Clearly, domestic abuse is an inherently complicated issue. Everyone knows the cycle of abuse is incredibly difficult to break out of. And I'm not standing here going "Well little lady, pull yourself up by the bootstraps and make a life for yourself because this is America, land of dreams, don't you know". My point is that you can scream and shout til you're blue in the face, and point out all sorts of obvious behavior, all the signs that it will continue to escalate, make people aware of numerous services available to help them, but if they're not willing to take the first step, not willing to take responsibility for what they're letting happen to them, there's nothing an outside person can do.

It seems to me, from this story at least, that this red headed girl wasn't there yet. Maybe she'll get there one day, maybe she won't. I don't know. But as long as there are people who let themselves get treated this way, there will be people to take advantage of this fact.

And I think this contemporary victim culture we live in today that celebrates problems and psychological issues and being "tortured" and shitty childhoods and having a therapist certainly doesn't help.'

There are a few things in there that I agree with, and a lot of things I very strongly disagree with. I thought about commenting here and now, but I decided not to. I'm going to write my own post in response, but I wanted this to have the chance to stand as it's own piece first, rather than being a springboard to my thoughts. So you can look for that response soon.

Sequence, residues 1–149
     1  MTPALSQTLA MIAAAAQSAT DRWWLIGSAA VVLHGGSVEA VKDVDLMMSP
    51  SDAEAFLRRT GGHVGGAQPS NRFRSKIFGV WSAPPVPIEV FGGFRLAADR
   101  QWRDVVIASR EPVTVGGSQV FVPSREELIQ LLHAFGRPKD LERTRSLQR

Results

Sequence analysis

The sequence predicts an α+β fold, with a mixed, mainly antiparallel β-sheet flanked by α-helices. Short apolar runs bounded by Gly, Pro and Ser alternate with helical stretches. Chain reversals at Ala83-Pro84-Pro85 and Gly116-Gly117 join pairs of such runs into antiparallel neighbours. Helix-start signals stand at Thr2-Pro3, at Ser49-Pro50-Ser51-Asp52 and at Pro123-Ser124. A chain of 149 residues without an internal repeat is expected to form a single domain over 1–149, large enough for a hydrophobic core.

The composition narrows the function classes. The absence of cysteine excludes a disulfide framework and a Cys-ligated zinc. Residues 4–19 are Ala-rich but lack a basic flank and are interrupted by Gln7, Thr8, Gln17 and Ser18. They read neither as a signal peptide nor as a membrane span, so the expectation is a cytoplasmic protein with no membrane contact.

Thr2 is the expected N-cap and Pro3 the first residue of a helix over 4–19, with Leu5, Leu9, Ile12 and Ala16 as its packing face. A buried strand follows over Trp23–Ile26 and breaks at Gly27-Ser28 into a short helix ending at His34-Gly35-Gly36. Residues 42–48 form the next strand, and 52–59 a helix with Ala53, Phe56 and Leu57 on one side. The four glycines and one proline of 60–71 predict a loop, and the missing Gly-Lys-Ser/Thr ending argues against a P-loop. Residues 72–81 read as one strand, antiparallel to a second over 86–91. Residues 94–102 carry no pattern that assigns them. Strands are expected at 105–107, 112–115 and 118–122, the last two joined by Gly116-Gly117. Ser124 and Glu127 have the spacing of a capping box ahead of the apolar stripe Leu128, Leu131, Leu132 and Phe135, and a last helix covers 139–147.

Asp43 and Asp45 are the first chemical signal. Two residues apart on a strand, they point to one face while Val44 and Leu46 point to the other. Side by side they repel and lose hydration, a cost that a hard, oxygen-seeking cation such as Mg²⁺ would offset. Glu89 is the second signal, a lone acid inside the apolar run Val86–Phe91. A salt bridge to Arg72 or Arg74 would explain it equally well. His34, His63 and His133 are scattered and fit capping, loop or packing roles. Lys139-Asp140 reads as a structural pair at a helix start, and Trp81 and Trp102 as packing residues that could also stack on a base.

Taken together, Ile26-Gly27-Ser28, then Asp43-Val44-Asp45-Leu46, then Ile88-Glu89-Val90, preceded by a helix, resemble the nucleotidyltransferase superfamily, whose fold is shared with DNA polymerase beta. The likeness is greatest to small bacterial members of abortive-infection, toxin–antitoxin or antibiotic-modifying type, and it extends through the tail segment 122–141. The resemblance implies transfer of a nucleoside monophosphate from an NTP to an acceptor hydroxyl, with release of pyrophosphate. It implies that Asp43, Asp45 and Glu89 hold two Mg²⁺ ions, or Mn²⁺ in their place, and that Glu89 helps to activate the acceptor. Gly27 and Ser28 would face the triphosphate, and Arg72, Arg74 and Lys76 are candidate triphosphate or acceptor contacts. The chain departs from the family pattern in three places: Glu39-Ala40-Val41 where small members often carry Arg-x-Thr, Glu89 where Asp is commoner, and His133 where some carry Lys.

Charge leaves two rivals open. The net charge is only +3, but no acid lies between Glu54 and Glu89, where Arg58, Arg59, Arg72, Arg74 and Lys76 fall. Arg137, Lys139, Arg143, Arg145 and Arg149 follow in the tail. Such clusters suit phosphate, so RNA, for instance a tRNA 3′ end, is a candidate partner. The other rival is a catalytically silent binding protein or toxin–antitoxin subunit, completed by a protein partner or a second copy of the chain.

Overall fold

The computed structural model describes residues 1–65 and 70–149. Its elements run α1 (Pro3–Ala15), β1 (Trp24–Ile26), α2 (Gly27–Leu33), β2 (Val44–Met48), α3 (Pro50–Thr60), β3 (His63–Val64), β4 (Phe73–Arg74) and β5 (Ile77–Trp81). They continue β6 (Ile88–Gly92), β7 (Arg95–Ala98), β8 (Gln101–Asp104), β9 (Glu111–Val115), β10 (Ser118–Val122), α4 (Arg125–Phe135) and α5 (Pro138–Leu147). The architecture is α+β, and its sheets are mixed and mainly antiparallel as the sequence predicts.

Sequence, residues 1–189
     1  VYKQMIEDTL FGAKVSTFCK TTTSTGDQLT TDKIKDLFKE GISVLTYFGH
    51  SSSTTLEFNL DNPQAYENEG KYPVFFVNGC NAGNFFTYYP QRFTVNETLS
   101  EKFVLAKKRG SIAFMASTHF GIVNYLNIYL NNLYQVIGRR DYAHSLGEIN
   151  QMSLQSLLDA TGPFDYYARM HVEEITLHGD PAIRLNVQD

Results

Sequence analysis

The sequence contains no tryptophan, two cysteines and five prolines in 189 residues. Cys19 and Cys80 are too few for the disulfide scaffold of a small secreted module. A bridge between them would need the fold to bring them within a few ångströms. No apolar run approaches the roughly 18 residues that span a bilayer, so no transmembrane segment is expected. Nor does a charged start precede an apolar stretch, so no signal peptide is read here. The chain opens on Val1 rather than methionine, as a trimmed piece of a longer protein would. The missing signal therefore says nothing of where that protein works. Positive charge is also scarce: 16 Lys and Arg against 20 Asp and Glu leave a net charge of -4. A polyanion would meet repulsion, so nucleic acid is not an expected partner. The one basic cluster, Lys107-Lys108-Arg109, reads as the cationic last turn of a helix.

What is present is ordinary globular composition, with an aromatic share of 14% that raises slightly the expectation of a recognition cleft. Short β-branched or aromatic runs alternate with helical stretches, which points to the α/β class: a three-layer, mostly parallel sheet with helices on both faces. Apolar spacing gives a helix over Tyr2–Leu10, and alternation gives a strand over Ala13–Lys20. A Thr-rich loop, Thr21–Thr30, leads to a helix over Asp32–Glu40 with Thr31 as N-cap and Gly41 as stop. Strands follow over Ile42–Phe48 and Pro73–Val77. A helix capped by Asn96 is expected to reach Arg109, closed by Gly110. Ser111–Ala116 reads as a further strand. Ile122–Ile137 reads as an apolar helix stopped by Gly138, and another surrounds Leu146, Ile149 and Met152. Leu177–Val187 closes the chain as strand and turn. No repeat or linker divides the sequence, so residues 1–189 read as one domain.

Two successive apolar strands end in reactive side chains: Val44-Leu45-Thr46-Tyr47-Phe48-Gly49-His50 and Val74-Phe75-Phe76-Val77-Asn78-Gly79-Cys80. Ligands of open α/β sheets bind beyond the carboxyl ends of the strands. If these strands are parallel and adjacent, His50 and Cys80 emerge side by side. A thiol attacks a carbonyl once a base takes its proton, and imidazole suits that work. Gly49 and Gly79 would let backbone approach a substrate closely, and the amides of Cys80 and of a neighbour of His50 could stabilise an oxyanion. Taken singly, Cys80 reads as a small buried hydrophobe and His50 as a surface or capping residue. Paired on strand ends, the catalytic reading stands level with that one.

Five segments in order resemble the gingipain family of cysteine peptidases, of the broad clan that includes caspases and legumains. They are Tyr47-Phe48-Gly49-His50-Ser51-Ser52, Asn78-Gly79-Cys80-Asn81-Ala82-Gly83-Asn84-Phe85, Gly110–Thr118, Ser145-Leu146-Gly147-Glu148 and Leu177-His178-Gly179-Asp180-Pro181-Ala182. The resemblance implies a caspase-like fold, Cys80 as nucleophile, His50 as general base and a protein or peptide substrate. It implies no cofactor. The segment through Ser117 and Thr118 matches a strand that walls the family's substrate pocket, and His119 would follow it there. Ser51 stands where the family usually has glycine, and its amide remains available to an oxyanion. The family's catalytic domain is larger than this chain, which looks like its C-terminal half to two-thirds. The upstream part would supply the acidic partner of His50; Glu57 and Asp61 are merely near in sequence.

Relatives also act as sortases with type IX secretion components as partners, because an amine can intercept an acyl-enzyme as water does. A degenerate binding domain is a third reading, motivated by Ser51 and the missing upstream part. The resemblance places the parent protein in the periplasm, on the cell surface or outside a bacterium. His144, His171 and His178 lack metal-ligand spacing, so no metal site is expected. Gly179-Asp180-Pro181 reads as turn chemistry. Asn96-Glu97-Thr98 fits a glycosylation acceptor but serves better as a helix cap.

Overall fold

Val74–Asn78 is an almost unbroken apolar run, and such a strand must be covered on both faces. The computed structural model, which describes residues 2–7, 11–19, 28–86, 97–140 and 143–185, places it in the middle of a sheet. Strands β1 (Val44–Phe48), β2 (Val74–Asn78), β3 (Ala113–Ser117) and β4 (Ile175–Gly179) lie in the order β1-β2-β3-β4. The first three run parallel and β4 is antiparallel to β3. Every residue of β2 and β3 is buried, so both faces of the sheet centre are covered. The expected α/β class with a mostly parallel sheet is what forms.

Daniel said...

Give me a god damn break. The leap from "she got hurt and it needs to stop" to "its her own fault for not helping herself" is so ridiculous and attenuated, I'm embarrassed that you would post such a thing in the public domain.

But I'm going to leave you out of it, and I'm just going to talk about the girl. Look at it from her own point of view.

15 minutes ago she was taking fists to the face because she's "good for nothing" or "a fucking whore". The episode is so explosive that the neighbors notice, and they fear for her safety. So the police show up. Now she's got a shiner, a policeman and a pissed off boyfriend.

She knows, 100%, who made that cop come: She did. It's her fault. She shattered the privacy of the home by making the fucking cops show up. She'll need to be taught a lesson. So she faces 1 of 2 options:

Do as much as she can to get the cop to leave, quickly, so she can prove to her boyfriend that she's no 'trouble'.